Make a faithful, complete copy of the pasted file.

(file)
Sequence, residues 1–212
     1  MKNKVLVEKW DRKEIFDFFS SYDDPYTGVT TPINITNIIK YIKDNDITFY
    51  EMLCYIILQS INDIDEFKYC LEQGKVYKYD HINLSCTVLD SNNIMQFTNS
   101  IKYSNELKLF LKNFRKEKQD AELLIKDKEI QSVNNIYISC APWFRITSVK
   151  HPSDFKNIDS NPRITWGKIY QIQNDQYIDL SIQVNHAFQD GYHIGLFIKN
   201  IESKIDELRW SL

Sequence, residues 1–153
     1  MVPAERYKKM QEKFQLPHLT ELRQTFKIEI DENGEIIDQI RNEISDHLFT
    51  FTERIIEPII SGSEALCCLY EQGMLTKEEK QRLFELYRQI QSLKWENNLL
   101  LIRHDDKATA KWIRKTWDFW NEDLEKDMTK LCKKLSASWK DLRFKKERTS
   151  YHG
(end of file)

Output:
Sequence, residues 1–212
     1  MKNKVLVEKW DRKEIFDFFS SYDDPYTGVT TPINITNIIK YIKDNDITFY
    51  EMLCYIILQS INDIDEFKYC LEQGKVYKYD HINLSCTVLD SNNIMQFTNS
   101  IKYSNELKLF LKNFRKEKQD AELLIKDKEI QSVNNIYISC APWFRITSVK
   151  HPSDFKNIDS NPRITWGKIY QIQNDQYIDL SIQVNHAFQD GYHIGLFIKN
   201  IESKIDELRW SL

Sequence, residues 1–153
     1  MVPAERYKKM QEKFQLPHLT ELRQTFKIEI DENGEIIDQI RNEISDHLFT
    51  FTERIIEPII SGSEALCCLY EQGMLTKEEK QRLFELYRQI QSLKWENNLL
   101  LIRHDDKATA KWIRKTWDFW NEDLEKDMTK LCKKLSASWK DLRFKKERTS
   151  YHG